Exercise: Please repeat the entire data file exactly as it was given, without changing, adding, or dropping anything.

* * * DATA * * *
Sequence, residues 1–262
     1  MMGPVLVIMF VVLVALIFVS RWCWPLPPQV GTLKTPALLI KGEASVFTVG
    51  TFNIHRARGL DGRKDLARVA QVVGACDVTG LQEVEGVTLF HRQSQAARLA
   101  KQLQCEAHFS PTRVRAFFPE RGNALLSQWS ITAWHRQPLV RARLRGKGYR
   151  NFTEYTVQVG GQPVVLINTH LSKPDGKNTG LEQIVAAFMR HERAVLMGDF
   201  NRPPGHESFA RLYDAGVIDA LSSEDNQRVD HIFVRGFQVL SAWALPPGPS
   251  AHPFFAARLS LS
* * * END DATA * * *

Sequence, residues 1–262
     1  MMGPVLVIMF VVLVALIFVS RWCWPLPPQV GTLKTPALLI KGEASVFTVG
    51  TFNIHRARGL DGRKDLARVA QVVGACDVTG LQEVEGVTLF HRQSQAARLA
   101  KQLQCEAHFS PTRVRAFFPE RGNALLSQWS ITAWHRQPLV RARLRGKGYR
   151  NFTEYTVQVG GQPVVLINTH LSKPDGKNTG LEQIVAAFMR HERAVLMGDF
   201  NRPPGHESFA RLYDAGVIDA LSSEDNQRVD HIFVRGFQVL SAWALPPGPS
   251  AHPFFAARLS LS